Forget the resolutions! Why set yourself up for failure? Just take each day as it comes, and hope for the best.
Yeah… this isn’t THAT kind of blog.
Sorry to disappoint you, but foregoing a list of resolutions for the New Year is a bad idea! If you’ve been reading articles, or watching overdone TV interviews with some generic form of the title, “Why You Should Ditch Your New Year’s Resolutions,” [Note: I’m guilty of producing and hosting dozens of those in my career] let me be the first to tell you, that’s a noncommittal way to start the year! Now, if you lack drive, commitment, the need for growth, the desire to make your dreams come true, and vow to be hopelessly unmotivated, by all means, listen to that boring, everybody-should-get-a-trophy advice. But just because you feel “stuck” right now, or last year wasn’t the success you hoped for a year ago, that doesn’t mean it’s time to give up on re-defining, re-listing, re-investing, re-imagining, re-formulating, or re-naming your resolutions!
Two years ago, I took part in what I thought was going to be a New Year’s tradition of resolution-making. It was called, “The Family Meeting,” and I loved everything about it! I loved the people, the setting, the conversation, the mood, and the purpose of “the meeting.” This gathering didn’t take place in a conference room or via FaceTime. There were no note-takers, or electronics to serve as a distraction. It took place in a private corner of a bustling restaurant. The seating was cozy, the food was on-point, the lighting was dim, and important goals for the year ahead were about to be spoken. It was the first time I participated in “The Family Meeting,” and I felt a mixture of excitement, nervousness, and like a kid who finally got to sit at “the big people’s” table on Christmas Day. There were only three of us at the table; my boyfriend at the time, his teenage son, and me. This was a father-son tradition they shared for years. At every family meeting, which took place on the first day (or week) of the New Year, a list of goals and desires for the upcoming year were said aloud. It was a way of holding everyone at the table accountable for their goals. Throughout the year, this father-son team would take inventory of their goals, and either recognize progress or discuss adjustments that needed to be made to accomplish their goals. Most well-run businesses adopt the same practice. But this family meeting was more intimate, less programmed, and exclusive to a unit of people who were truly on the same team.
At this particular family meeting, both personal and professional resolutions were spoken. I don’t recall the specifics of each person’s goals, but I remember clearly the moment when my boyfriend put his arm around me, looked at his son, and said, “We want to get married and have a baby this year.” I knew we were going to have this conversation, we were on the same page, the same team. But my mind, in a matter of milliseconds, while skipping and jumping (yes, women’s minds can do that, and many other things simultaneously) thought, “I’m so glad he said it so that I didn’t have to!… Yesssssss this is FINALLY happening in my life, and it feels so right!… Is this awkward for his son?… He’s such a good kid, he seems really cool about it… I mean, we’re practically living together, this isn’t a surprise… Should I say something now?”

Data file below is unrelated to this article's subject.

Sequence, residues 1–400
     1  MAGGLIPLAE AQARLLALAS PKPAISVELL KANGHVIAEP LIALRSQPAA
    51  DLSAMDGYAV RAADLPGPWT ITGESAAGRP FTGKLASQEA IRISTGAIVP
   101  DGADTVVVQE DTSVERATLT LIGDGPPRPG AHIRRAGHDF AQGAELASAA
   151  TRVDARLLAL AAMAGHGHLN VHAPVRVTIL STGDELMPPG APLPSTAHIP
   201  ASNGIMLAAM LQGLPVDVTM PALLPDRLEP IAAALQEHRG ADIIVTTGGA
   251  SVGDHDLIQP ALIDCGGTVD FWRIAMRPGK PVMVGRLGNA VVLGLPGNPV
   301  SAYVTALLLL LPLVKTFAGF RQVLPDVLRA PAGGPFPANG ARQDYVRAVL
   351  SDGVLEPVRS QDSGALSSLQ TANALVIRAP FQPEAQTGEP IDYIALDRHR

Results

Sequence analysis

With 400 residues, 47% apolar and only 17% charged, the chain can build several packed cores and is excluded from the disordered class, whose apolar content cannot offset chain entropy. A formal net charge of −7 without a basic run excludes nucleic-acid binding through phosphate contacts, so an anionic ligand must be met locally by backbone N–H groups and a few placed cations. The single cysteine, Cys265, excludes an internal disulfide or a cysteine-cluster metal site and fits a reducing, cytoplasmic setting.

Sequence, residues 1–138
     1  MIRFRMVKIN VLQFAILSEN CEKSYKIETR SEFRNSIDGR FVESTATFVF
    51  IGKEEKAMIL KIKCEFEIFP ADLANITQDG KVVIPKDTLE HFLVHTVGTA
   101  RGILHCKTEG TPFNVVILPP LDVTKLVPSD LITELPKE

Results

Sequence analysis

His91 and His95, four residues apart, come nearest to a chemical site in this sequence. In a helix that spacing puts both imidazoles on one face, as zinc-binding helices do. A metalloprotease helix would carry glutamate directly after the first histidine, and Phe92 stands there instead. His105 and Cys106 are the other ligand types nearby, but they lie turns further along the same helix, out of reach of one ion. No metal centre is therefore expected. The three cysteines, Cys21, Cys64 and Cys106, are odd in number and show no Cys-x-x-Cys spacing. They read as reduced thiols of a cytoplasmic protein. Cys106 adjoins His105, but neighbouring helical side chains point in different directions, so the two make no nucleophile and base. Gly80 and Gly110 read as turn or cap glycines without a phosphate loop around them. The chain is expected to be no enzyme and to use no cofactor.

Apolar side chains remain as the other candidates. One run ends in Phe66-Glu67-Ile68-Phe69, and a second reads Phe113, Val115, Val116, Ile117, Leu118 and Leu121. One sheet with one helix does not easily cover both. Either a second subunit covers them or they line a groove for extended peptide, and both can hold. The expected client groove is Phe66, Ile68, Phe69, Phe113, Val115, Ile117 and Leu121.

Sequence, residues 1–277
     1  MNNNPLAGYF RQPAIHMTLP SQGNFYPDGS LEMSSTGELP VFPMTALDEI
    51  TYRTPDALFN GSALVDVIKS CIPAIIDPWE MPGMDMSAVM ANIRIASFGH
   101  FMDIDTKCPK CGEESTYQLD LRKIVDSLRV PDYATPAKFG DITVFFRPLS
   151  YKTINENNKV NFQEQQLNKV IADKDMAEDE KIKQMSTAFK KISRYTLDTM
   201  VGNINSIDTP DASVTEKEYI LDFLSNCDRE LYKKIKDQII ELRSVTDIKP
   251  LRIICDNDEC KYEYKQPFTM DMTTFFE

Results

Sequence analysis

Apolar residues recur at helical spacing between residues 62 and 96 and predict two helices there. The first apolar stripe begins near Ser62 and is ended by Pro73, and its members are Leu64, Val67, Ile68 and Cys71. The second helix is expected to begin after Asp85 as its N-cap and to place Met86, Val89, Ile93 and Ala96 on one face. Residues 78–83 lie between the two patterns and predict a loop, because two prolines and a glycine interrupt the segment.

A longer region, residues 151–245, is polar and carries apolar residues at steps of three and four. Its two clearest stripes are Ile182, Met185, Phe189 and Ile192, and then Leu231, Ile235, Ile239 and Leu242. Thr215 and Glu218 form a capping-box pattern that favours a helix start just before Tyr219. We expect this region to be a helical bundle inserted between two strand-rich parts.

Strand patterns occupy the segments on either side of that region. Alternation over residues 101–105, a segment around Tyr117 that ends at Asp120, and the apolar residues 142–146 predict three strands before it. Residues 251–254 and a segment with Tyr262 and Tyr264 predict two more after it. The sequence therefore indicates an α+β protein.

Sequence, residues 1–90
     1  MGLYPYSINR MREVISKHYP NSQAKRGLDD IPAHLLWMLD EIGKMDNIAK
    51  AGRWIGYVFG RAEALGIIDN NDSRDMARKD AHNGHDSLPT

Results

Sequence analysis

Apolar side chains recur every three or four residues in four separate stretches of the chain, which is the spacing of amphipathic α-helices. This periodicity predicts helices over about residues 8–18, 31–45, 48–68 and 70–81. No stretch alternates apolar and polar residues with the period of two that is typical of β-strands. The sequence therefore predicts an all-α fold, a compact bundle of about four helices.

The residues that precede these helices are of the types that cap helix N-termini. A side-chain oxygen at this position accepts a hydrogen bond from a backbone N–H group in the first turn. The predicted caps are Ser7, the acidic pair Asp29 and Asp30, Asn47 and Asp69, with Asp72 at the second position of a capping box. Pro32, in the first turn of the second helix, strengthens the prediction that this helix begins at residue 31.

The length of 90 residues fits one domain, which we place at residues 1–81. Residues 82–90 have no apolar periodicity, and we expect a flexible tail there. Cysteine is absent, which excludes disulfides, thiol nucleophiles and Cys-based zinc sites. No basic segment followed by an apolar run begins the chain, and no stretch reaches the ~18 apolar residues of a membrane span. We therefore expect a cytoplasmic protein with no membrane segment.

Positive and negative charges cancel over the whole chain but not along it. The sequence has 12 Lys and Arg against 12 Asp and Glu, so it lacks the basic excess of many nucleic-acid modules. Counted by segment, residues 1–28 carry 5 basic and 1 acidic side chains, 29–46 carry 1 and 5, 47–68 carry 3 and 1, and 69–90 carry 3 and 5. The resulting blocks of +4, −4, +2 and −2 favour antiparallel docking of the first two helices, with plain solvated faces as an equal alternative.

If my memory serves me correctly, I smiled and nodded my head accordingly a few times. When the wedding-and-baby discussion was over, I think I added that I wanted to get rid of some credit card debt and continue to focus on staying healthy. Nothing like breaking the ice with talk of money and hitting the gym (Geesh!). All kidding aside, it was during our after-dinner drinks (hot teas and lattes at Starbucks), that his son and I had a private exchange about the family meeting. I said, “Are you okay with that conversation?” He replied with a smile, “Yes, my mom did the same thing when she got remarried.” And that was it. No pomp and circumstance. No mushy conversation. No hugging it out. It was easy. It was nice. It was right. It was my first family meeting.
And it was my last.
No, I’m not secretly married. And I didn’t exclude myself from Christmas cards because I’m hiding a pregnancy. They were goals. They were resolutions. They didn’t happen. At least, not yet. But that doesn’t mean that I failed or had a setback because I didn’t complete a list of goals and dreams from two years ago. Nor does it mean that I can’t have those things on my list again, or take them off. And it’s the same for you… yes YOU! Whether you vowed to never make another resolution, or you’re moping around because you caught some bad breaks and the words can’t, never, and won’t are the most used words in your language… STOP! You’ll never gain momentum toward progress if you live in a negative space. And in order to feel happiness, you need to feel growth and progress. In order to progress, you need to set goals.
Make a list. Check it more than twice. Schedule a family meeting (and maybe you’ll be the only one to attend). Resolve to have goals this year. And don’t be hard on yourself if they change. Follow through on something that gives you a sense of progress. You’re not setting yourself up for failure. You’re setting the stage for your growth.
yes. i could not agree more
Excellent advice, Andrea. So proud of you.